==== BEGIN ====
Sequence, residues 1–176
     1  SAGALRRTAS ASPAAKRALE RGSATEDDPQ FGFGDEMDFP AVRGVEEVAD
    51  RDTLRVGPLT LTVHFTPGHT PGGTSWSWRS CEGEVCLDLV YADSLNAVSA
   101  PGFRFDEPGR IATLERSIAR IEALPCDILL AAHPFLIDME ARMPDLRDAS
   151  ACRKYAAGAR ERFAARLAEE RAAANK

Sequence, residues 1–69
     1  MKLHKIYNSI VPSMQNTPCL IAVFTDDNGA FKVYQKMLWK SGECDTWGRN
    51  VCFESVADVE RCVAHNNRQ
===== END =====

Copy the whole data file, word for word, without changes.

Sequence, residues 1–176
     1  SAGALRRTAS ASPAAKRALE RGSATEDDPQ FGFGDEMDFP AVRGVEEVAD
    51  RDTLRVGPLT LTVHFTPGHT PGGTSWSWRS CEGEVCLDLV YADSLNAVSA
   101  PGFRFDEPGR IATLERSIAR IEALPCDILL AAHPFLIDME ARMPDLRDAS
   151  ACRKYAAGAR ERFAARLAEE RAAANK

Sequence, residues 1–69
     1  MKLHKIYNSI VPSMQNTPCL IAVFTDDNGA FKVYQKMLWK SGECDTWGRN
    51  VCFESVADVE RCVAHNNRQ